Writer and creator of Mustangs "4" Us!, non-political, educational, informative & inspiring website to promote wild horse & burro adoption and public appreciation for wild horses & burros on the range;

Adopter/purchaser of 6 BLM wild horses and 2 Burros

Here is the letter I sent to the BLM. I struggled to make it as positive as possible but I think I fell short in that regard.

I feel that there has to be a more imaginative solution to the issue of wild horses on BLM land than to kill them. Does anybody really want to do this? Do the people who make these decisions want to be the ones with blood on their hands? I sincerely hope not. We as a society have a choice as to whether or not we want to solve issues that we percieve as problems with integrity. I hope that integrity and imagination can be applied to this situation.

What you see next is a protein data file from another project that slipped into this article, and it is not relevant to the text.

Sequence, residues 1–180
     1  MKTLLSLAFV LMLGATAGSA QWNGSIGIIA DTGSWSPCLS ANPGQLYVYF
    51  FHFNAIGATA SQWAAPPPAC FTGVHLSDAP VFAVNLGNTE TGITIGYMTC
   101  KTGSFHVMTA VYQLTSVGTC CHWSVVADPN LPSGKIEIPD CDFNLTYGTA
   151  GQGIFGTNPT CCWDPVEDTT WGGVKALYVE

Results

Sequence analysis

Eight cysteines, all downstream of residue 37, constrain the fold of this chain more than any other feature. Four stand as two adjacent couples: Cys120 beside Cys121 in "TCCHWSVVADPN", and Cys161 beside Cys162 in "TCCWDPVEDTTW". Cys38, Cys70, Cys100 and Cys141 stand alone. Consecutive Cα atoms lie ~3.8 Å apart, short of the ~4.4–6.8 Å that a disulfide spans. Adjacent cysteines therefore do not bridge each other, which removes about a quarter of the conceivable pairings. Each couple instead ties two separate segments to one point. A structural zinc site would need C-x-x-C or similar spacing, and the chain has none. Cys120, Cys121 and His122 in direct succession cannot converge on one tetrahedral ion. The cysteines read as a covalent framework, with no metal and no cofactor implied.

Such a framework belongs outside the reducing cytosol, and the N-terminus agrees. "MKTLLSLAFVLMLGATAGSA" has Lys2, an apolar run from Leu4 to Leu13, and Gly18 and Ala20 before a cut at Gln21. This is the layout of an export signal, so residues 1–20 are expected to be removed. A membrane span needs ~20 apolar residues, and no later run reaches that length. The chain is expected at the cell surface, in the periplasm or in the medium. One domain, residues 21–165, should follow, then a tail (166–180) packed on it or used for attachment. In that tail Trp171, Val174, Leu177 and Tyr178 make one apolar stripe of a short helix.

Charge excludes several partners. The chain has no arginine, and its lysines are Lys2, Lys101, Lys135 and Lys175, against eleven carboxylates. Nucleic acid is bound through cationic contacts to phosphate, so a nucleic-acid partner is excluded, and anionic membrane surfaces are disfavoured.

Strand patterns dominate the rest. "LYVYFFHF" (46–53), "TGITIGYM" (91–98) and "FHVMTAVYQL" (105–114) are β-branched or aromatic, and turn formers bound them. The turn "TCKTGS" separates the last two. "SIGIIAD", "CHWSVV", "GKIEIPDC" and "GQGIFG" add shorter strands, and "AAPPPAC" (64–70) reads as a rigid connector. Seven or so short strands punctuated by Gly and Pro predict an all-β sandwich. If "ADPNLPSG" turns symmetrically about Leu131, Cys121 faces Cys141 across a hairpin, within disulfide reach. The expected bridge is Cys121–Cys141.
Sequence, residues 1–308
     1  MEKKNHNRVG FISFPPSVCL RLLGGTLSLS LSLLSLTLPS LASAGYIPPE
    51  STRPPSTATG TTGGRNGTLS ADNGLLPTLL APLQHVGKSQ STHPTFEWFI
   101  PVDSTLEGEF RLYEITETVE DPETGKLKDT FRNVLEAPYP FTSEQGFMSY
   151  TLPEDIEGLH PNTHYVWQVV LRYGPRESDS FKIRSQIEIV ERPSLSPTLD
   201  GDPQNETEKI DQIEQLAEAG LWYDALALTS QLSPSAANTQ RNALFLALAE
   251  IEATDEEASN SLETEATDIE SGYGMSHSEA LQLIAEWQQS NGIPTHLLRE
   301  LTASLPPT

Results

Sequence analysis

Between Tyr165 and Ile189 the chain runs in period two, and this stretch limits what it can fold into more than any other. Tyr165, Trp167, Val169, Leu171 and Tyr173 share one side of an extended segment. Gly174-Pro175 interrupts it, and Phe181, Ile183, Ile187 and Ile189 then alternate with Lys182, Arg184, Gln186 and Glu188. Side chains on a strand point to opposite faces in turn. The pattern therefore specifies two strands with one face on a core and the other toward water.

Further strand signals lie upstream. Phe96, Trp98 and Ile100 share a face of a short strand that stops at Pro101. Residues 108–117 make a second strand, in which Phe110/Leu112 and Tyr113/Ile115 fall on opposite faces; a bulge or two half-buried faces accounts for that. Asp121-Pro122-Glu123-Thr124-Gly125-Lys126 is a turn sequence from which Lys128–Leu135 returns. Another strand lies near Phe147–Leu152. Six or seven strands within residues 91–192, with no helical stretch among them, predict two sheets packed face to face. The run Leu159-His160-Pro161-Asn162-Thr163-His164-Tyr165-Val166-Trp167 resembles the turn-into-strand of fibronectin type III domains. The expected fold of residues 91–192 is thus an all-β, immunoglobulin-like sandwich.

I know that the issue is somewhat complicated and that it is connected to ranching interests in the area. Does anybody really think that the horses grazing in the mountains keep them from having a steak or hamburger whenever they want it? Do the ranchers in the area realize that they are living a lifestyle of their own choosing and that no one is making them stay there? There are many other ways to live on this planet and not everyone has the opportunity to live the way these people do. Many would consider it an honor and a privilige to get to do so. In order to maintain an environment in which such a lifestyle can exist, doesn't it make sense to honor all parts of that enviroment? Are we only interested in species from which we can reep immediate financial gain? Do we see no value in life otherwise? Our past is full of incidents where we have taken the resources and the lives of others, human and non-human alike. Can't we do better than this now?

It is my understanding that I am writing this letter to the Bureau of Land Management as opposed to the Bureau of Ranchland Management. It is my hope that the well being of all of the inhabitants of the land will be taken into consideration.